New Books in the Gift Shop!

Posted on: February 7th, 2019 by Yvonne Contreras

Before We Lost the Lake

Driving through the Sumas flats over the years I often wondered at the broad expanse of land between Abbotsford and Chilliwack, so open and different from the surrounding wooded mountains.

Lush agricultural land filled with farms and dike systems; it always provides a beautiful vista. It was only recently that I realized that Sumas Lake once occupied the space.

Local author Chad Reimer, who wrote Chilliwack’s Chinatowns, has released a new book which charts the lifespan of Sumas Lake. We are happy to have Before We Lost the Lake in stock at the Museum Gift Shop along with a selection of other new arrivals – perfect for your winter reading needs!


How Deep is the Lake

Surveying the Great Divide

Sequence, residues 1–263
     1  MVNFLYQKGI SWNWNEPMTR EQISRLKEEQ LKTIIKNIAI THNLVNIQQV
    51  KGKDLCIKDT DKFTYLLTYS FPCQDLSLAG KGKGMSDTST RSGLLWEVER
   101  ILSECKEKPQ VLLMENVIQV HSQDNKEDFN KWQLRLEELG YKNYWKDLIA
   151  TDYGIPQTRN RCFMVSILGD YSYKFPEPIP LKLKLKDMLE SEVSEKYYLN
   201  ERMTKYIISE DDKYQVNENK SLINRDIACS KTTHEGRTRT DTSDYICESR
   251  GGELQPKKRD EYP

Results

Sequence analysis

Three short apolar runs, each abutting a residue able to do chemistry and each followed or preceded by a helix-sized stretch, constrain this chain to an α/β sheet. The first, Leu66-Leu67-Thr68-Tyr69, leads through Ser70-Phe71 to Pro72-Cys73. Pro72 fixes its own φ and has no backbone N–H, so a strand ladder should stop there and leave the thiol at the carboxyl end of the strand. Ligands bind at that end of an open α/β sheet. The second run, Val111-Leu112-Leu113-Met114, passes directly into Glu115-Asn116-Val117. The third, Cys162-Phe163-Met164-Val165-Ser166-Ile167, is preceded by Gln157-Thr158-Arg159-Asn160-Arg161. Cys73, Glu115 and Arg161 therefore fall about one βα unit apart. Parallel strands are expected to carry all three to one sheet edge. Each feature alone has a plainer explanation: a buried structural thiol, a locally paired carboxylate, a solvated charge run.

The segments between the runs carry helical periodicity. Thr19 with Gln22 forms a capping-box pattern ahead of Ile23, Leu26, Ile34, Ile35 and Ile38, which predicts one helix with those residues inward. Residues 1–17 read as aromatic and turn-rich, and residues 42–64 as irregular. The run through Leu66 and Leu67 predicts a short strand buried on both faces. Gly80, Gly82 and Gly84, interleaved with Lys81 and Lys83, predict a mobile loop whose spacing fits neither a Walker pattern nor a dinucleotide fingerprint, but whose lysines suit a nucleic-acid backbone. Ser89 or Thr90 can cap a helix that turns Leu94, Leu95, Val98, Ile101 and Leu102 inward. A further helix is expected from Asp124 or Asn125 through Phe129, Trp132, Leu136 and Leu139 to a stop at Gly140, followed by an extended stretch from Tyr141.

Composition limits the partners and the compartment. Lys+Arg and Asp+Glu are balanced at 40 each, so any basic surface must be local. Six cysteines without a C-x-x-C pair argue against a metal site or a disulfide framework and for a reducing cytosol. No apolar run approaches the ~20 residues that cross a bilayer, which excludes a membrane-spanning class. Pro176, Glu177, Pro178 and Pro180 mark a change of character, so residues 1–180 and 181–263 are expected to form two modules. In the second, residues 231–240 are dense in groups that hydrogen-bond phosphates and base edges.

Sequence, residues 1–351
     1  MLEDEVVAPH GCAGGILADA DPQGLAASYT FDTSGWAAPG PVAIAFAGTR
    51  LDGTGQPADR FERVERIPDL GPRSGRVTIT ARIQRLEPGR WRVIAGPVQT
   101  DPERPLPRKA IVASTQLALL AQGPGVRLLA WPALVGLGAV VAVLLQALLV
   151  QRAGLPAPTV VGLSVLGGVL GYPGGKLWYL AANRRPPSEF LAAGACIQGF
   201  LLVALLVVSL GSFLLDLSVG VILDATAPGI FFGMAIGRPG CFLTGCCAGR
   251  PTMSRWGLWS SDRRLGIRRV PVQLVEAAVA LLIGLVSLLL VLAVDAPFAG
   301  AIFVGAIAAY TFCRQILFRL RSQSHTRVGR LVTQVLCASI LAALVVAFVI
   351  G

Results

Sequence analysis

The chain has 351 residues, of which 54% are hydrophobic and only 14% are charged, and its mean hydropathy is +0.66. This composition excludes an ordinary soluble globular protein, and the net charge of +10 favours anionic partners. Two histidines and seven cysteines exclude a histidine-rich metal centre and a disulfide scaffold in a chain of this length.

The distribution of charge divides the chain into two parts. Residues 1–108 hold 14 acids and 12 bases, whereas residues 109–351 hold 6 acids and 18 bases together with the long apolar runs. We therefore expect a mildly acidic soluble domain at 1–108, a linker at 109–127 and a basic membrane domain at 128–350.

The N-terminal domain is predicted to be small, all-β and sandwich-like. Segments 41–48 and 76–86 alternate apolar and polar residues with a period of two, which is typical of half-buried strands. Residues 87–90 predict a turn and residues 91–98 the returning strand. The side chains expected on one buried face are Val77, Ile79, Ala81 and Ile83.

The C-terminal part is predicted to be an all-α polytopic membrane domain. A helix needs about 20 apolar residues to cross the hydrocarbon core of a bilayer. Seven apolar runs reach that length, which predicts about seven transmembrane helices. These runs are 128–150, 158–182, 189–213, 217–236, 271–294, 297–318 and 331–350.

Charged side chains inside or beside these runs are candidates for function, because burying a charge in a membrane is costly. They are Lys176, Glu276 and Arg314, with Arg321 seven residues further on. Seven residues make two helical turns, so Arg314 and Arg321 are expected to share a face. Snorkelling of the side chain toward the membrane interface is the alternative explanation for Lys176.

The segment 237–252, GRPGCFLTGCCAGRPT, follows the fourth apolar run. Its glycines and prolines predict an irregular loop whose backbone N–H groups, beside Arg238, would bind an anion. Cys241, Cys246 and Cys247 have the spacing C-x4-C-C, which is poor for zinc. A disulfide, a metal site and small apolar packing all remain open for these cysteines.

Great Fortune Dream

Happenings around the Museum & Archives

Posted on: December 19th, 2018 by Yvonne Contreras

Chilliwack City Hall after a snowfall, no date. Courtesy of Norman Williams

The last week before the Christmas holidays are here and the Chilliwack Museum and Archives will be open for any last presents you may need until Friday, December 21, 2018. We will reopen in the new year on January 2, 2019.

Once the Christmas trees have been taken down and the extra lights have been turned off the winter seems a little darker. We welcome you to join us at the Museum and Archives for a dry, cozy escape from the weather. The permanent Gallery contains information and artefacts about the different communities that make up Chilliwack and has something for all ages. For our younger visitors we have Discovery Bins containing objects related to farming, kitchenware, travel, communication, education and local First Nations history. Visitors can explore physical objects such as a rotary telephone and an egg beater and play along with the Discovery Hunt booklets.